JACKSONVILLE, Fla. As Corey Dillon left the field after his final game as a Cincinnati Bengal, he tossed his shoulder pads, cleats and helmet into the stands at Paul Brown Stadium. It was a snapshot of the talented but tempestuous running back's seven years with one of the NFL's losingest franchises.
Little over a year later, Dillon is the third choice in betting lines to be the MVP of Sunday's Super Bowl, a game that he never thought he'd get to; only quarterbacks Tom Brady and Donovan McNabb are ahead of him. Traded to the Patriots for a second-round choice just before last April's draft, he's on a team that could win its 17th game of the season, exactly half of the 34 the Bengals won in his seven years with them.
''It's very relaxing to be with a winner because everyone around me is relaxed. It calms me,'' he said this week as the Patriots, seeking their third NFL title in four years, prepared to play Philadelphia.
''They know this is my first experience here, so the other players joke on me a lot. I get a lot of Cincinnati jokes.''
Dillon isn't the only veteran who suddenly finds himself in a Super Bowl after years with a losing team.
Last season, it was safety Rodney Harrison, Dillon's New England teammate, who spent the first nine years of his career in San Diego. The Eagles, who lost three straight NFC title games before beating Atlanta to get here, have two or their own back after bad experiences elsewhere middle linebacker Jeremiah Trotter and defensive end Hugh Douglas.
But Dillon is the poster boy for all of them.
His off-field reputation was so questionable that before he was acquired by the Patriots, coach Bill Belichick brought him to Foxboro for an extensive interview to ensure he was the kind of player who would fit into his closely knit locker room. That was Dillon's first surprise he knew he would be traded, but he thought it would be to Dallas or Oakland.
The interview went well, Dillon became a Patriot and rushed for a team-record 1,635 yards.
That was not a shock.
Even playing with the lowly Bengals, he became one of four backs to rush for more than 1,000 yards in his first six NFL seasons; he made the Pro Bowl three times; and in 2000, he set what was then an NFL single-game record by rushing for 278 yards against Denver.
But given his reputation, a lot of his new teammates were amazed at his calm and polite demeanor. If there were any temper tantrums and they say there weren't they never reverberated outside the locker room.
The Patriots are equally satisfied if not more so with Harrison. He was signed after being released before the 2003 season by San Diego, in part because of the salary cap, in part because the Chargers thought he was on the backside of his career.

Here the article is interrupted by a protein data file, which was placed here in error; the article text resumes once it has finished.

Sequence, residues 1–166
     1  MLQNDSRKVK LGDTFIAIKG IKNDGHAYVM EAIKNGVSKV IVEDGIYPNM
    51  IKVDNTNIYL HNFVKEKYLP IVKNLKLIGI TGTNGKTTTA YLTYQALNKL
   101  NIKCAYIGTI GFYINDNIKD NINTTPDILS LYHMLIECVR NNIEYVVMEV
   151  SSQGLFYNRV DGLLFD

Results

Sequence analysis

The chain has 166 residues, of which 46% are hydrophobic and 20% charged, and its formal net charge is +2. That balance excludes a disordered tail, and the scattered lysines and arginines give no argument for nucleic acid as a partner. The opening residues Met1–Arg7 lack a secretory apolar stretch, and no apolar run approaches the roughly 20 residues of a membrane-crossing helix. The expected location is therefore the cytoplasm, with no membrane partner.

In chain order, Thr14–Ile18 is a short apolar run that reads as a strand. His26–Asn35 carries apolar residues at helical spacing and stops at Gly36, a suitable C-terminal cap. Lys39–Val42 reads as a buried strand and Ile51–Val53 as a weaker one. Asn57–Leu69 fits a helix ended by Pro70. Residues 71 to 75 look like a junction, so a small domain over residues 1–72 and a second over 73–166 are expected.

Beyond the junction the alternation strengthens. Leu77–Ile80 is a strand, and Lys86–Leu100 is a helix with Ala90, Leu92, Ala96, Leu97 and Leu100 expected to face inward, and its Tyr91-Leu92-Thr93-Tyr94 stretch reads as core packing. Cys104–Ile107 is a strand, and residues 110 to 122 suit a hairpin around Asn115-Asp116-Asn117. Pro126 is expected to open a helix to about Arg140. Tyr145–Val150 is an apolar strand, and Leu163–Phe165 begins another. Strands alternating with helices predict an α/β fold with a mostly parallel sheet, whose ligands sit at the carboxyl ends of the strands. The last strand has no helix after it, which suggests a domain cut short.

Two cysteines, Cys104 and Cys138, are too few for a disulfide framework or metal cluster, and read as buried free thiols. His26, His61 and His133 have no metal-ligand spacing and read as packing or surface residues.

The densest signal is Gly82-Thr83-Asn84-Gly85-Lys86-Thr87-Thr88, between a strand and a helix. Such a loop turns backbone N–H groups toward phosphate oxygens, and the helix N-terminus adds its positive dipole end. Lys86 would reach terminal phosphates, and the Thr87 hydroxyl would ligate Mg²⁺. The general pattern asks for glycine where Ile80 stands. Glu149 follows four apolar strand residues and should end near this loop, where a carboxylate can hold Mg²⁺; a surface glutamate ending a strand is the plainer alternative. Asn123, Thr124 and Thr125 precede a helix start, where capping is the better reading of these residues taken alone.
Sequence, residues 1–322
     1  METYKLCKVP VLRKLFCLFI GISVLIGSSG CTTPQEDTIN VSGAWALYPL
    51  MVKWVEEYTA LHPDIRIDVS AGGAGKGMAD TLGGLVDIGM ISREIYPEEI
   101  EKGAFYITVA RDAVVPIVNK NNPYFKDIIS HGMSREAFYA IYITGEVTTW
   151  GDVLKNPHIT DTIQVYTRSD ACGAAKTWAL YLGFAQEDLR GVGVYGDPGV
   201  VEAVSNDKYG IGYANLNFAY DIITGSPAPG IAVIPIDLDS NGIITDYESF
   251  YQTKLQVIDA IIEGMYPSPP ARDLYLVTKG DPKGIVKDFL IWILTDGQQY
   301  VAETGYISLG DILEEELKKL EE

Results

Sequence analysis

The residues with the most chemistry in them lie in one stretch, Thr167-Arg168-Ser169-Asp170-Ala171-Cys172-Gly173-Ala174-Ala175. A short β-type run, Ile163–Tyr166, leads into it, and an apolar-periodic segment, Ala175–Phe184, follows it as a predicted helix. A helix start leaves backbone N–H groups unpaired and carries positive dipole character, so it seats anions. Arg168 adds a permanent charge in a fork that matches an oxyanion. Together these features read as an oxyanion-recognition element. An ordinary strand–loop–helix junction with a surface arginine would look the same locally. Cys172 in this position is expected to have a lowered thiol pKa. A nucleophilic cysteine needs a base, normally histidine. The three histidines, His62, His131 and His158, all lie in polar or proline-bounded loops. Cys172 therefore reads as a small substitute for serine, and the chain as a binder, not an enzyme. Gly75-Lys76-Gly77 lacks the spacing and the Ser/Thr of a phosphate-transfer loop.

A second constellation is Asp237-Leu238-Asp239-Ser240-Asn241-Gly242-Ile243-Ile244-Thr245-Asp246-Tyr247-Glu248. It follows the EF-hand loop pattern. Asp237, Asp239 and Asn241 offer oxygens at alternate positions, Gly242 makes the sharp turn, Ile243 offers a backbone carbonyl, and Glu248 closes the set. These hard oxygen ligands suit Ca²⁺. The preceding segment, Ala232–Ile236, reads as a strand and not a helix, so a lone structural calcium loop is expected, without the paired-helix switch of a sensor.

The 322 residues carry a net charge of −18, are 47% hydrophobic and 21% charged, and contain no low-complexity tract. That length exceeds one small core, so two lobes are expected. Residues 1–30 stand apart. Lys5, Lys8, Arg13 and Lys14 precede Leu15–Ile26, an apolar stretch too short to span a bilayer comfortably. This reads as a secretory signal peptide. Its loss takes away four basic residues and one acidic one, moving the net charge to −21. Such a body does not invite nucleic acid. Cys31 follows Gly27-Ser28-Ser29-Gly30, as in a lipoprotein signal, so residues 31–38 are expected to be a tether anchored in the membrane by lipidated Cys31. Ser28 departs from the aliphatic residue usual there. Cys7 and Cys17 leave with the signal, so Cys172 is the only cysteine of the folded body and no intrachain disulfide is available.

''I'm a lot calmer being here this year than I was at this time last year. But it's still gratifying to be winning after the team I was with for so long gave up on me,'' said Harrison, who won his first Super Bowl ring last season.
This year, at 32, he was almost a player/coach, positioning teammates in a secondary depleted by injuries to Ty Law and Tyrone Poole.
Harrison did play in a Super Bowl in 1995, as a rookie with San Diego, when the Chargers lost to San Francisco 49-26. But the Chargers went downhill quickly from there.
''I was more delighted for Rodney when we won last year than I was for myself,'' said Willie McGinest, another team leader.
In the case of Trotter and Douglas, the team that gave up on them is the team they ended up rejoining.
Trotter had been a Pro Bowl middle linebacker for Philadelphia and was designated the team's franchise player when he became a free agent after the 2001 season. But he was released after the Eagles tired of negotiating a long-term deal; Philadelphia has never been afraid to release key players if they don't fit into the team's salary structure.
''It was difficult, but that's our philosophy,'' said Tom Heckert, the team's personnel director.
Trotter landed in Washington, but underperformed, in part because of injuries. He was released last summer and re-signed with the Eagles.
Douglas, a three-time Pro Bowler and one of the NFL's better pass rushers for nearly a decade, signed as a free agent with Jacksonville before the 2003 season. He had just 3 1/2 sacks with the Jaguars, nine fewer than he had with the Eagles the previous season, and was released last summer. Back to the Eagles he went.
Trotter contributed more on the field this season.
He was mainly a special-teamer for the first half of the season, but became the starting middle linebacker at the midway point after the Eagles had problems stopping the run, allowing an average of 131 yards a game. In the second half of the season, that figure was almost 50 yards lower and Trotter ended up in the Pro Bowl again.
''When I was with the Redskins and we played in Philadelphia, I'd see people in the stands with my jersey. Except that instead of 'Trotter' on the back, it would say 'Traitor,'" he said.
There were off-the-field benefits, too, in bringing back Trotter and Douglas. Their locker room pranks enabled teammates to deal with the extreme pressure of getting to the Super Bowl after the three straight NFC title-game losses.
''It was great to have them back,'' safety Brian Dawkins said. ''It was great on the field, but it was even better in the locker room. Those two guys really kept us loose.''
And now, like Dillon, they're someplace they never expected to be.
The Super Bowl.
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